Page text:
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The OnePlus 5/5T just got Android 10, which is a big deal (but it shouldn't be)
Earlier this week, OnePlus officially launched the OnePlus 5 and OnePlus 5T Android 10 update. For those of you keeping track at home, that’s the fourth version of Android to land on the OnePlus 5 — it started with Android 7.1.1 Nougat and received Oreo, Pie, and now Android 10.
Our hats are off to OnePlus on this one. The list of Android phones that receive four versions of the operating system is quite small while the lists of phones that receive three, two, or even just one are much, much longer.
Initially, I planned on writing an opinion article about how awesome it is that this OnePlus 5/5T Android 10 update exists. Then I thought more about it and realized that I shouldn’t need to praise a company for delivering full Android upgrades to three-year-old devices. I shouldn’t need to because that should be the norm.
Software updates should be essential
Earlier this year, smart speaker company Sonos got into some PR hot water surrounding its Recycle Mode program, which is an update that intentionally bricks older speakers. The company’s explanation for this was one of “sustainability,” but the public saw right through it. The outcry against this was swift and Sonos eventually ended the program.
Now, if the OnePlus 5/5T Android 10 update didn’t land, it’s not like the millions of devices around the world would suddenly cease functioning. Without the latest Android updates, though, the phones would be less safe, slower, and less feature-rich than other newer phones.
One could argue that this is kind of the point: phones should only be around for a year or two before you upgrade them. However, that’s not how most other tech objects in our lives work. Laptops don’t work like that. Televisions, home theatre systems, kitchen appliances, car stereos, and even cars themselves all are designed to last much longer than two years. Granted, most of those items don’t need regular software updates to stay fresh, but that shouldn’t matter. What should matter is that you bought a phone and the company should do whatever it can to make it last for as long as it is physically capable.
The two-year upgrade cycle is just in the phone world. Most other pieces of tech we own don't fall under this guise.
Once again, the OnePlus 5/5T Android 10 update doesn’t have any effect on how long the phones can keep working. But smartphone companies’ assumption that after two years it’s “optional” to keep their products up-to-date is awfully convenient for them and woefully inadequate for us, the consumers.
Simply put, consistent and extensive operating system updates for Android phones should be an essential cornerstone of the industry. This OnePlus 5/5T Android 10 update shows us that that is not the case.
How many years should your phone receive Android updates?
As usual, vote with your wallet
Only a few weeks ago, Motorola got into similar hot water as Sonos did. The company could only confirm that it’s $1,000 Motorola Edge Plus smartphone would get just one Android update. Considering the phone debuted with Android 10, that means the company could only confirm that it would receive Android 11 — which is only a few months away from a stable release.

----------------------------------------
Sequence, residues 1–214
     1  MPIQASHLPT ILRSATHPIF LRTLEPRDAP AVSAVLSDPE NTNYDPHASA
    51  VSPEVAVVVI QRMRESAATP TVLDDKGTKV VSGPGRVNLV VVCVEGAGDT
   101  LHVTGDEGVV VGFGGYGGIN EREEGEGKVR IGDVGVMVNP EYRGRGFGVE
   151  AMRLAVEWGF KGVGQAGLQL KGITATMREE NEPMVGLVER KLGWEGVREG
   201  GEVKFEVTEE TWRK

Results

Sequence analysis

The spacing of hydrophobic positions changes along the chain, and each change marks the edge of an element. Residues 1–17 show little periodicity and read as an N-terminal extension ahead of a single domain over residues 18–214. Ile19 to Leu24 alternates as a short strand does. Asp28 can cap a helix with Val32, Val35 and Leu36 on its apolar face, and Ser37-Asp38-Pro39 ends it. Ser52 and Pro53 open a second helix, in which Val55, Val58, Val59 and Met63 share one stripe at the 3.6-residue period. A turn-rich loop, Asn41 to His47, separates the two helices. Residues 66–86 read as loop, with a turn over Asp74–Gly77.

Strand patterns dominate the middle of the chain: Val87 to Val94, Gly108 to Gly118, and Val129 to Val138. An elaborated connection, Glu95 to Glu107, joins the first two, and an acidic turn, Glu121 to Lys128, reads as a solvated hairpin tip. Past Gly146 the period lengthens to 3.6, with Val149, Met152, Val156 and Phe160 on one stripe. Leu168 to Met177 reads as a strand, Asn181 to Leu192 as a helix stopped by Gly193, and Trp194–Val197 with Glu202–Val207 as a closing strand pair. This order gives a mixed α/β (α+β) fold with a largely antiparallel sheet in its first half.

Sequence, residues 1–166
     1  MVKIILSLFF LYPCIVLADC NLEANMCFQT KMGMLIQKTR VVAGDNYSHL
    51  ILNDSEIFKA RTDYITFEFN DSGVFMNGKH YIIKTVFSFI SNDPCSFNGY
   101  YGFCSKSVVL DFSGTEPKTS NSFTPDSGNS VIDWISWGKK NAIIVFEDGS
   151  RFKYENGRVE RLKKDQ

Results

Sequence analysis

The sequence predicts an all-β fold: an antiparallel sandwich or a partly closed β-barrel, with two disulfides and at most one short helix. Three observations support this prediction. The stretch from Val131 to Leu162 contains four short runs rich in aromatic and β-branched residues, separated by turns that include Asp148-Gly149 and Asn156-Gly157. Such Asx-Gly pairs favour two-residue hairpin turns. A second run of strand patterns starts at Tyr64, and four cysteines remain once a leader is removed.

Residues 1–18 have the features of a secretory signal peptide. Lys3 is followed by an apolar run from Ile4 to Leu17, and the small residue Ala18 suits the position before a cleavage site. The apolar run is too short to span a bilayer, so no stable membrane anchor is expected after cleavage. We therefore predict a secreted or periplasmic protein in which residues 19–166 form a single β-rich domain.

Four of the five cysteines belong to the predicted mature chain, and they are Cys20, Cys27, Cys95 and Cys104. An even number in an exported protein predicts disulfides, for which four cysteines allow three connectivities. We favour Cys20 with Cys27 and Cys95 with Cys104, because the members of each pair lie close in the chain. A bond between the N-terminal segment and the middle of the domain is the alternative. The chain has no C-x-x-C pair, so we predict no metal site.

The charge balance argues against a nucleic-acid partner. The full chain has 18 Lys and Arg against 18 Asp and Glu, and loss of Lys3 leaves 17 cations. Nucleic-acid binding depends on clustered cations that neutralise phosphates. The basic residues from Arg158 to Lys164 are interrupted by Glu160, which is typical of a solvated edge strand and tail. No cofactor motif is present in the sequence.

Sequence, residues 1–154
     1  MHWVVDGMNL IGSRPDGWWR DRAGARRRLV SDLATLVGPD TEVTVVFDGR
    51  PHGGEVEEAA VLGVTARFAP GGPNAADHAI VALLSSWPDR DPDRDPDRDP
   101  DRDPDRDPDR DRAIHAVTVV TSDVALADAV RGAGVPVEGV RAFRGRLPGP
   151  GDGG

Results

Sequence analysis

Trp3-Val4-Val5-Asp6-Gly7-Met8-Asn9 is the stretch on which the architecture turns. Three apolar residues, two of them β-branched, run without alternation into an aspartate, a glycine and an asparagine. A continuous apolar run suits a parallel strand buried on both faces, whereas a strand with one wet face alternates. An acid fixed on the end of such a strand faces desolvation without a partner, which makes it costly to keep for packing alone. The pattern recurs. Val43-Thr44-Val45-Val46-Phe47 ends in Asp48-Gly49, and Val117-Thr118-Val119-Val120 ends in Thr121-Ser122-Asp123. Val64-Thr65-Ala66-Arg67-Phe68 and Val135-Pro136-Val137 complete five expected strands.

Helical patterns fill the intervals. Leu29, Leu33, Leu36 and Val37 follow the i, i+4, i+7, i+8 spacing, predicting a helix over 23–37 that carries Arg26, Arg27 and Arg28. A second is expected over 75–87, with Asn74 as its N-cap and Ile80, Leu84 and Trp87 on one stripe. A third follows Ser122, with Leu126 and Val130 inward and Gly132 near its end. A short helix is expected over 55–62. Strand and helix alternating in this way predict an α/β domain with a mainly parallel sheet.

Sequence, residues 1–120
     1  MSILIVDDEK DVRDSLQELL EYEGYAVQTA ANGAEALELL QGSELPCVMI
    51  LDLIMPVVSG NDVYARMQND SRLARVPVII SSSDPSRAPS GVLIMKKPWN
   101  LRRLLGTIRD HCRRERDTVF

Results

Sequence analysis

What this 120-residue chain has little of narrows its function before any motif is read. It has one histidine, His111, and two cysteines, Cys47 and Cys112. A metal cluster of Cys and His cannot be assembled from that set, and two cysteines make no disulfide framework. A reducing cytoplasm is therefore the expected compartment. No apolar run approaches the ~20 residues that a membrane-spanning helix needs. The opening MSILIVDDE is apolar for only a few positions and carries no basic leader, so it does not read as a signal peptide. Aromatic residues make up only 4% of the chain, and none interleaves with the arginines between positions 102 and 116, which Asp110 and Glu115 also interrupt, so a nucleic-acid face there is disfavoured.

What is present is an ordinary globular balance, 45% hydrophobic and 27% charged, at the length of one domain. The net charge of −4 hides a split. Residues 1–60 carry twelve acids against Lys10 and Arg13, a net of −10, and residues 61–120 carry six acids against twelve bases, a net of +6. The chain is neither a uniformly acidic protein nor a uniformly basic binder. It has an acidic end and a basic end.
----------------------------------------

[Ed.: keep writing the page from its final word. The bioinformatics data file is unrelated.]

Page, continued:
After public outcry to this news (including us here at Android Authority), Motorola updated its stance on the issue. Instead of committing to just one Android update, it committed to — wait for it — two Android updates. Surprisingly, a lot of people were appeased by this.
The Motorola Edge Plus is literally $1,000. The OnePlus 5 launched for $479 in 2017. Here we are, talking about how a phone half the price of Motorola’s flagship is literally doubling the number of Android updates.
That makes Motorola look bad, sure, but it’s annoying that it makes OnePlus look great. As soon as you venture out of the Android world, the OnePlus 5/5T Android 10 update would be ho-hum news. Apple issues updates to most iPhones for four years at a minimum and has only extended that deadline as time has gone on. Similarly, macOS users expect many years of software updates as do Windows users. Windows XP received regular updates for 12 years before Microsoft pulled the plug, and Windows 7 got 10 years.
The best way us Android users can turn the tide is to vote with our wallets. If you value Android updates — and you really do — then you should only buy phones from companies that take them seriously. OnePlus does, clearly, but there are plenty of other companies that don’t. Even the mighty Samsung still only updates its flagships for two years. That company’s 2017 flagships (the Galaxy S8 series and Galaxy Note 8) received their final Android updates to Pie late last year. The Samsung Galaxy S20 Ultra, a $1,400 phone, is similarly expected to get just two years of updates, which is, frankly, insulting.
We can’t change the policies of these companies through pleas in support forums or even articles such as these. They will only listen when their bottom line gets hit, so let’s start hitting it.